Keep Calm and Sparkle On, Mama

Mom at pool with son

It took me a while to get this one right. As I wrote I would delete, re-write, delete and re-write again. I obsessed over what readers would think and I could picture the eye rolls in my head. I even sent the piece to my behind the scenes girl who does my final publications and told her to pump the breaks on posting. But then, I realized that I was doing exactly what I was telling the others NOT to do. So, here it is…

My husband took a picture of me holding my youngest son over this past summer. We were hanging out by our neighbor’s beautiful pool, white claws were flowing, tiny humans were having a blast, and we were truly enjoying ourselves and relaxing. We were soaking in the hot, summer sun without a care in the world and snapped some pictures to document the cherished moment of sincere peace and happiness.

After having two babies, it felt nearly impossible to ever find the time and energy to get my pre-baby body back. I envied women who had done it and who were constantly working on feeling and looking their best, but I just didn’t think it would be in my cards. I justified this by saying I was proud of where I was and would wear my new figure like a badge of honor for carrying and birthing my babes. I was blessed with good metabolism, so I wasn’t unhealthy, just not where I used to be and that okay. But, deep down, I knew better. For one, I knew that it wasn’t entirely about how I looked, though I’d be lying if I didn’t say that played a factor. A majority of what was weighing on me was how I felt and the answer to that was crummy. Here I was, a somewhat new mom to two beautiful, happy, healthy boys, yet I just wasn’t me. I wasn’t the best version of myself and I knew I needed to do better. So, I did just that. I went out there and made the damn changes.

I had worked so hard to get a bikini ready body, making serious changes to my diet throughout the winter and spring. I had started making exercise a priority and even ventured to consider the idea of a half marathon, which, I am proud to day I just completed this past weekend. I worked damn hard to get to where I was. Still, I saw a saggy belly, pale skin, pinned back hair with wrinkles screaming at me, flat boobs… shall I go on? I was SO incredibly critical of myself it was insane.

I worked hard, I turned down all the donuts, I ran, then ran some more, and OH don’t get me started on the lunges and squats. And, I was really proud of how my results had turned out! While I should have wanted to shout my successes from the roof top, instead I stressed over whether I had actually succeeded. Yes, I was proud of where I was and how I felt, buuuuuuuuut (you have to read that in the long, drawn out way that I intended it to be read) all of the filters in the world could not have made me un-see the imperfections, that I saw.   

Regardless, I eventually grew a set and posted the picture on social media, more or less to show off my kids-they’re pretty stinking cute. I shared it anyway, saggy belly and all, mixed in with a bunch of other pictures with the hopes that the glowing faces of my tiny humans would divert viewers from my flaws.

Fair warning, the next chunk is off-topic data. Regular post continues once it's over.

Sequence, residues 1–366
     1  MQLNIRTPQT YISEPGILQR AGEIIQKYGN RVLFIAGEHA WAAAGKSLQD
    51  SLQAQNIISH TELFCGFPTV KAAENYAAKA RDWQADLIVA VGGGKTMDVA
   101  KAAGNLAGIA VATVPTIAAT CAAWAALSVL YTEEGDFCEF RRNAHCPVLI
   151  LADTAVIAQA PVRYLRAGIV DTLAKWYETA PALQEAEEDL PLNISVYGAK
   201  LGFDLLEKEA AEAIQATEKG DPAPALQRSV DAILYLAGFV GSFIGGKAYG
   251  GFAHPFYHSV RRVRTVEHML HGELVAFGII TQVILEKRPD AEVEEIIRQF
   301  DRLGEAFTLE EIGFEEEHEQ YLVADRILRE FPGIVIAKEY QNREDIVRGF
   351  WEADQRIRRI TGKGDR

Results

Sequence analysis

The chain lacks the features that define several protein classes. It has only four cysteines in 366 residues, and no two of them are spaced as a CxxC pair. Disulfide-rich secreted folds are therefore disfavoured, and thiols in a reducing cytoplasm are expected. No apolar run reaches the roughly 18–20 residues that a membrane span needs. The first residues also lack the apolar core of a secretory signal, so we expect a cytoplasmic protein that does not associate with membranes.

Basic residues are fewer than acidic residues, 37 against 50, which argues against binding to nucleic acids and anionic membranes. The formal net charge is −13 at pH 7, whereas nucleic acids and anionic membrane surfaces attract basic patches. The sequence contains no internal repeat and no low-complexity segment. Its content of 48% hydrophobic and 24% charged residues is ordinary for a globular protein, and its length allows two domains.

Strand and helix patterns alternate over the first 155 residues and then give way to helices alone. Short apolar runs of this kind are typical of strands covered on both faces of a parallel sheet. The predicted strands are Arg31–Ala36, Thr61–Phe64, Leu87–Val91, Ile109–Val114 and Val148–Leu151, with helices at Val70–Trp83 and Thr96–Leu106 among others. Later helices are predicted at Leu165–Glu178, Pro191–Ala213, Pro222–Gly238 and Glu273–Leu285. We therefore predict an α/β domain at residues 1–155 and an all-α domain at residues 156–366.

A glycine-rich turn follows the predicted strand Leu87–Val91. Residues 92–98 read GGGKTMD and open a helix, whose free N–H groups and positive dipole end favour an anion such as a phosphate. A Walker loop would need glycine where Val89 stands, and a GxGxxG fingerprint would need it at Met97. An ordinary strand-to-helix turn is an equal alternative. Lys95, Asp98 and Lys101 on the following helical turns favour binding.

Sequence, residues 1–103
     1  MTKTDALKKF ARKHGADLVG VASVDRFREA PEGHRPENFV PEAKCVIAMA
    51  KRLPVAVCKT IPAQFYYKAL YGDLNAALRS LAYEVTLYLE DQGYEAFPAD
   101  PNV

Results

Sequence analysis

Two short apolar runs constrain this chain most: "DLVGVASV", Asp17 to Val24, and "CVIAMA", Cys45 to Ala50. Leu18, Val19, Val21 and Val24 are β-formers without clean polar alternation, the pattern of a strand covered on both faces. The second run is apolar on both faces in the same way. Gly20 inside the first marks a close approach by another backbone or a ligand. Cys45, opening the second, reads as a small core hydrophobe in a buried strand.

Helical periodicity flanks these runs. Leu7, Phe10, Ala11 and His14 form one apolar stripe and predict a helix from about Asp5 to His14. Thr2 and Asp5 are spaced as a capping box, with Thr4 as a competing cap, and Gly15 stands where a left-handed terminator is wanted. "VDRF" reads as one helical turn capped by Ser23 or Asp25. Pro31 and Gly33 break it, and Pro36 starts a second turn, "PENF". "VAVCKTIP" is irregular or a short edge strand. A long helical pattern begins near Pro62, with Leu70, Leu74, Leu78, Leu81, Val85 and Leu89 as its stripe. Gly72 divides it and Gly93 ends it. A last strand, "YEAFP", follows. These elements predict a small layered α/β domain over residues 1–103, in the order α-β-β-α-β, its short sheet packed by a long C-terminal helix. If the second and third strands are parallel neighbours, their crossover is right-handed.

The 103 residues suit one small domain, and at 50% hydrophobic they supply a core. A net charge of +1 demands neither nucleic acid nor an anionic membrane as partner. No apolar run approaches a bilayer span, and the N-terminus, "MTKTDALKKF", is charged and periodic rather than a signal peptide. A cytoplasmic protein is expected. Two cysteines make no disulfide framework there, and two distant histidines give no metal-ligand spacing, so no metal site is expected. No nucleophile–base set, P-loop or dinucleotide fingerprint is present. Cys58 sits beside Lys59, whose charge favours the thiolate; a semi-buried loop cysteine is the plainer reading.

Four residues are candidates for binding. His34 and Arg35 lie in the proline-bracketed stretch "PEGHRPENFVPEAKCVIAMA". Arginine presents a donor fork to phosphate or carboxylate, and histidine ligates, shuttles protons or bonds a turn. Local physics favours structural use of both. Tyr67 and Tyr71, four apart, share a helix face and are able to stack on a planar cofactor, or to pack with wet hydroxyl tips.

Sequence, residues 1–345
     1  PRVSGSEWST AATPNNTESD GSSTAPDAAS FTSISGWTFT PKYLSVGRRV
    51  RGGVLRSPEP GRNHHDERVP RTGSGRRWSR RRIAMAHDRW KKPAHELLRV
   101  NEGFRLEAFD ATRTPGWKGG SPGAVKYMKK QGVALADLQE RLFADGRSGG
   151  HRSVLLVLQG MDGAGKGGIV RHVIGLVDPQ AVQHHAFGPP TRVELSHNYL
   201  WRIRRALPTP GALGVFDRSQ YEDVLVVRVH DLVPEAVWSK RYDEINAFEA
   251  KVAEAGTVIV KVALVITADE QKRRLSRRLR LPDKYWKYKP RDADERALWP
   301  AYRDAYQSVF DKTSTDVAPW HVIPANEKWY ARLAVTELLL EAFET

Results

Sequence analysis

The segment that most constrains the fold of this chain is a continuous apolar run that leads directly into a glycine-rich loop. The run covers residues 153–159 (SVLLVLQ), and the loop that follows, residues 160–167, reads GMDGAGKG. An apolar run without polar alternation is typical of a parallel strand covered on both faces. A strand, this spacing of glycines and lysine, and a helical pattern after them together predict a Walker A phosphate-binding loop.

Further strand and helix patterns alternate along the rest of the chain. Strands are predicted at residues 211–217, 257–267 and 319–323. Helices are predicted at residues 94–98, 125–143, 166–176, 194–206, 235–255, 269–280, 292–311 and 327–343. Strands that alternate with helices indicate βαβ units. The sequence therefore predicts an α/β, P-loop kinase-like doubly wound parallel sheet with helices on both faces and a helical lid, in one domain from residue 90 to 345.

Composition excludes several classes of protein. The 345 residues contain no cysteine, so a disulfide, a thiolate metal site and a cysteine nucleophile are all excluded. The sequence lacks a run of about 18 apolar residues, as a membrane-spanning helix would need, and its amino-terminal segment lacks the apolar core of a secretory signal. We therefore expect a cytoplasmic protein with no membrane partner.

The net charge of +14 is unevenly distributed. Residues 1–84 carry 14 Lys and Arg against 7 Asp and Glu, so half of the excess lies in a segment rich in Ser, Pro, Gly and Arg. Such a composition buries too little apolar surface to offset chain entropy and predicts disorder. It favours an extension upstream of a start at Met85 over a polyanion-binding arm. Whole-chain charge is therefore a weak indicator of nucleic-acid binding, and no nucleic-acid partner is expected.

And, guess what?! I received positive comments, one person telling me that I looked great (mind-blown) and another complimenting my swimsuit! You see mama, others don’t see what we see in ourselves. We are so quick to judge ourselves not only physically but mentally and emotionally too. People have told me I am crazy for viewing the picture the way my eyes had seen it and I am thankful for that. But, the point isn’t always what others see but how we see ourselves.

Stop the cycle and be proud of where you are. If you’re not proud, you’re not where you’re meant to be. You are in control of your health, happiness, and most importantly your attitude. Let’s change our attitudes from “look at my flaws” to “look how far I’ve come” or “look how hard I worked to get to where I am.”  I was damn proud of where I was but was held back by the thought that “yes, I’ve come so far, but is it far enough?” The answer was yes, it was enough for me, but was I stalled over wondering if it was enough for everyone else?

Don’t hide behind the stretch marks, and don’t for one second dull your shimmer at the expense of sparing someone else’s feelings because everyone, and I repeat EVERYONE, has the power to get to where they want to be. As women we are so worried about what others will think. When we succeed we stress that we will be bragging or boasting or making other people feel less than par so instead we knock ourselves down. This has got to stop. We have to stop the cycle of holding ourselves back so as not to offend or make another woman feel uncomfortable. Instead, set goals, dream big, share your journey and accomplishments and share what you did to get there. Lift others up, encourage others, and be kind, but not at the expense of being unfair to yourself.

Let’s work to celebrate the journey and stop obsessing over the end game. Share the damn pictures, talk about your accomplishments and talk about your dreams. Don’t ever stop shining. I challenge you, each and every person who reads this, to take a moment and publicly share a recent accomplishment. Anything from folding all of your laundry to securing a promotion to losing 50 lbs. Cheers to the dreams, the successes and, above all else, cheers to the fan-freaking-tastic journey!

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